Associated Press reports: [edited]
The idea of taking apart a rat's heart and transforming it into a tissue-engineered stingray first came to Kevin Kit Parker during a trip to the New England Aquarium with his daughter. Four years later, a robotic ray that swims toward light has made the cover of Science Magazine and is pushing the limits of what's possible in the design of machines powered by living cells.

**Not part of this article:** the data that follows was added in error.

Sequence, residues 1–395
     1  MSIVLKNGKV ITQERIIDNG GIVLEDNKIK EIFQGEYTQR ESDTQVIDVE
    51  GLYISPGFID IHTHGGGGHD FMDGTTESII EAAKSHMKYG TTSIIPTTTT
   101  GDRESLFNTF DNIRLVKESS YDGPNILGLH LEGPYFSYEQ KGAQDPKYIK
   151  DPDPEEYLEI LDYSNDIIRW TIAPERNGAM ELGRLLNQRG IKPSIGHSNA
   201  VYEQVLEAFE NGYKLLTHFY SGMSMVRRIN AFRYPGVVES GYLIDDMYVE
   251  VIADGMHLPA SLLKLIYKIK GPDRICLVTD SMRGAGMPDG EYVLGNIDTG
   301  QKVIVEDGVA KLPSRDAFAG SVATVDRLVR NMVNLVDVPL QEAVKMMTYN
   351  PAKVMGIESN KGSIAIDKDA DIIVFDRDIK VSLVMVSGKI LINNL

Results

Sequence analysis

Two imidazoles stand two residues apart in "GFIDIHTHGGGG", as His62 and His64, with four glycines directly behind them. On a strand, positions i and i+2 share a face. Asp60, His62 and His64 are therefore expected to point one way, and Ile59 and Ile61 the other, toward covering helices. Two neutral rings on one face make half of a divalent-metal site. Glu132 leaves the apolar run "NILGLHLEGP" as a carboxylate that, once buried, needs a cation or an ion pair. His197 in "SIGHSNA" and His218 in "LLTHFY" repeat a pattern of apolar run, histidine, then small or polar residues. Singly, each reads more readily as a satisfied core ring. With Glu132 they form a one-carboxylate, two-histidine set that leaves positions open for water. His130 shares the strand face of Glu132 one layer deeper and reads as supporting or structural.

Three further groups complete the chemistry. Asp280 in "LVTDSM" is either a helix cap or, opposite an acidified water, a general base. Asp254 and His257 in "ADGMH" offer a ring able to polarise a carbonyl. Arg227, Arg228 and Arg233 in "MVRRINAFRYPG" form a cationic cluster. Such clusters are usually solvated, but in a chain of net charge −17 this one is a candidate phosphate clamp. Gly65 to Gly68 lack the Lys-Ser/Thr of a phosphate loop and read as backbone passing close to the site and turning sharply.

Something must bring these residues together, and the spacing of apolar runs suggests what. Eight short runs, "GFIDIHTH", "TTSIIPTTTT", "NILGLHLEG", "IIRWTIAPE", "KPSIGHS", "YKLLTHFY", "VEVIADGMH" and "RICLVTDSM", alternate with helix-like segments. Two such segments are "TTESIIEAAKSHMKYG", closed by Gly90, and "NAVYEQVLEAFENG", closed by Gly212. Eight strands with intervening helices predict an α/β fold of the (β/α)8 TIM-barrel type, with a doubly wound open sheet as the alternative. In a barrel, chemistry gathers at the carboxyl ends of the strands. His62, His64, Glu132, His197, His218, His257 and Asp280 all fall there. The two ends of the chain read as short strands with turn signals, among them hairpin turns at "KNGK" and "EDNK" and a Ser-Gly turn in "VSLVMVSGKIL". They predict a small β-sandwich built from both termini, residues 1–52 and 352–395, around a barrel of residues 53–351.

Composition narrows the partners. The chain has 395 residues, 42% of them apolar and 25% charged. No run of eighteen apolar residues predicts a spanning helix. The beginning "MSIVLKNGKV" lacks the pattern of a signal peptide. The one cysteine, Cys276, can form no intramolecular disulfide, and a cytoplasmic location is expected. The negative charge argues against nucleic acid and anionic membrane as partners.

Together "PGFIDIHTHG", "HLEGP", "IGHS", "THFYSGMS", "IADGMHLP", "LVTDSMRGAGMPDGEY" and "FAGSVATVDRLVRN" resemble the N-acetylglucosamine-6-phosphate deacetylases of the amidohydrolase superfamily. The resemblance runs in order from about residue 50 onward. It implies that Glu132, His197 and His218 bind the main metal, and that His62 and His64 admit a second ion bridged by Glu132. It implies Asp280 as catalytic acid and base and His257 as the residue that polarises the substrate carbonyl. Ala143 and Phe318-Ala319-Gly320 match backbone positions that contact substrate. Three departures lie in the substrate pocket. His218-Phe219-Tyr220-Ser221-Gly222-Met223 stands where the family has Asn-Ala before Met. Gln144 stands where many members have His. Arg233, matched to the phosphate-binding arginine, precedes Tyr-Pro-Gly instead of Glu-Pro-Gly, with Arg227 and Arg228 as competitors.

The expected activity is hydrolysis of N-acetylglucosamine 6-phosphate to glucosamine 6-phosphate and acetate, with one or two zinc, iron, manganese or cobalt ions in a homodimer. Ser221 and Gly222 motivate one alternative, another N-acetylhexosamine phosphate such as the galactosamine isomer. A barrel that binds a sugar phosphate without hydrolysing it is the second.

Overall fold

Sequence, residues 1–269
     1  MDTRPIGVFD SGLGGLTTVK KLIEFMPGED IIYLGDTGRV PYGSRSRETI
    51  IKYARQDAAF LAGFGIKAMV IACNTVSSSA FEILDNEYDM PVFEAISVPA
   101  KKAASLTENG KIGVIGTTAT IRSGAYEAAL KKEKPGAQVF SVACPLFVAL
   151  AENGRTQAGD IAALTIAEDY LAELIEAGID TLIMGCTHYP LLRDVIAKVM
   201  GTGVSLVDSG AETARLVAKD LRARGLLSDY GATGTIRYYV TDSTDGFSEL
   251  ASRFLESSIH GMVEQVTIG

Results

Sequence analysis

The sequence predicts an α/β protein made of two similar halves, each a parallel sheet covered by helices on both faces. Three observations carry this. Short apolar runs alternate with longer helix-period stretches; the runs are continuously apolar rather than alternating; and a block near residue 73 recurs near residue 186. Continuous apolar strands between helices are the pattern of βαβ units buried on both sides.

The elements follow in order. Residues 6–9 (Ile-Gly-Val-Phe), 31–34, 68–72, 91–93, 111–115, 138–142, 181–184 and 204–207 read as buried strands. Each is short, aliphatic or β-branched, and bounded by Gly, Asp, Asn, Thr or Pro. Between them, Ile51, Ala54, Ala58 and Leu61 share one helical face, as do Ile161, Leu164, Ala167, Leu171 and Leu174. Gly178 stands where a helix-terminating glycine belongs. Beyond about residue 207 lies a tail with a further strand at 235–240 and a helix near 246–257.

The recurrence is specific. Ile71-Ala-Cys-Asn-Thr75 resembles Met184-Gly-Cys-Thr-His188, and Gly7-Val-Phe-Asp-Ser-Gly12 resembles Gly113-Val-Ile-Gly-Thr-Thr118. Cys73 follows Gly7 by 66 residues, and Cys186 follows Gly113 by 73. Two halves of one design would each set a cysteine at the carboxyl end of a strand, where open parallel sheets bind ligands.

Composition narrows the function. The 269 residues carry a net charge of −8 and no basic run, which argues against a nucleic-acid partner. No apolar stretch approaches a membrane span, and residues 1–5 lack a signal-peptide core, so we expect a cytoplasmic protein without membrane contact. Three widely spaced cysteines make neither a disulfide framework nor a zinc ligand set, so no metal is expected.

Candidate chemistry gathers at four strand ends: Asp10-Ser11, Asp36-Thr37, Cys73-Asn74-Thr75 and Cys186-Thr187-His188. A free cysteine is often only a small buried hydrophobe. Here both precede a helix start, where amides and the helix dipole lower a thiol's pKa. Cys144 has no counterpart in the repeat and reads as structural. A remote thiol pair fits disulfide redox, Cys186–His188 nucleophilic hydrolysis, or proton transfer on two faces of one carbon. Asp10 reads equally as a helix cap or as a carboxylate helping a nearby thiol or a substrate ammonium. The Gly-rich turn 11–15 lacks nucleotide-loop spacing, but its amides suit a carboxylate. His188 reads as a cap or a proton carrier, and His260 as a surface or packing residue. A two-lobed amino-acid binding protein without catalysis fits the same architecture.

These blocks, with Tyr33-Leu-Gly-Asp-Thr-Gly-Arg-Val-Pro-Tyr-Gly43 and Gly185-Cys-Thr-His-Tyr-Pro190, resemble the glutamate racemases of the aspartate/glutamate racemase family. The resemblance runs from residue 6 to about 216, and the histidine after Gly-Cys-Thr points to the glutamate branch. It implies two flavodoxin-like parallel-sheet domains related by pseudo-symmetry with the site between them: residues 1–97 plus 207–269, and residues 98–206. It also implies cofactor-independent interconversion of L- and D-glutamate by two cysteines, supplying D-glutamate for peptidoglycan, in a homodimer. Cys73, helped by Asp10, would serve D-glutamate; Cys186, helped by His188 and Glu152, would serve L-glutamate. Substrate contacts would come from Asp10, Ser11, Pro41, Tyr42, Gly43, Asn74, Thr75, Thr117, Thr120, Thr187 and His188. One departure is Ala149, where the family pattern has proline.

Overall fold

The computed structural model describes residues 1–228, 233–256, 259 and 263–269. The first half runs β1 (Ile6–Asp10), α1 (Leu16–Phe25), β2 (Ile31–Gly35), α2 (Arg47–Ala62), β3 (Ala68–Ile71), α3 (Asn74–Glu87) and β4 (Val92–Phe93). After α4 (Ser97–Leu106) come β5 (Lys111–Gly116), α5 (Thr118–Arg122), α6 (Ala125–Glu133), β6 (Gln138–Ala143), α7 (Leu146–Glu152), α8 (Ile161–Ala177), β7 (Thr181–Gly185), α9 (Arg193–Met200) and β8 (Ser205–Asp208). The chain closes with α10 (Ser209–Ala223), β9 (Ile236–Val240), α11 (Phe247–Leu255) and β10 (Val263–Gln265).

It's remote-controlled, guided by a blinking blue flashlight. Each burst of blue sets off a cascade of signals through the cells, which have been genetically-engineered to respond to light. The contraction of the tissue creates a downward motion on the ray's body. When the tissue relaxes, the gold skeleton recoils — moving the fin upward again in an undulating cycle that mimics the graceful swimming of a real ray or skate.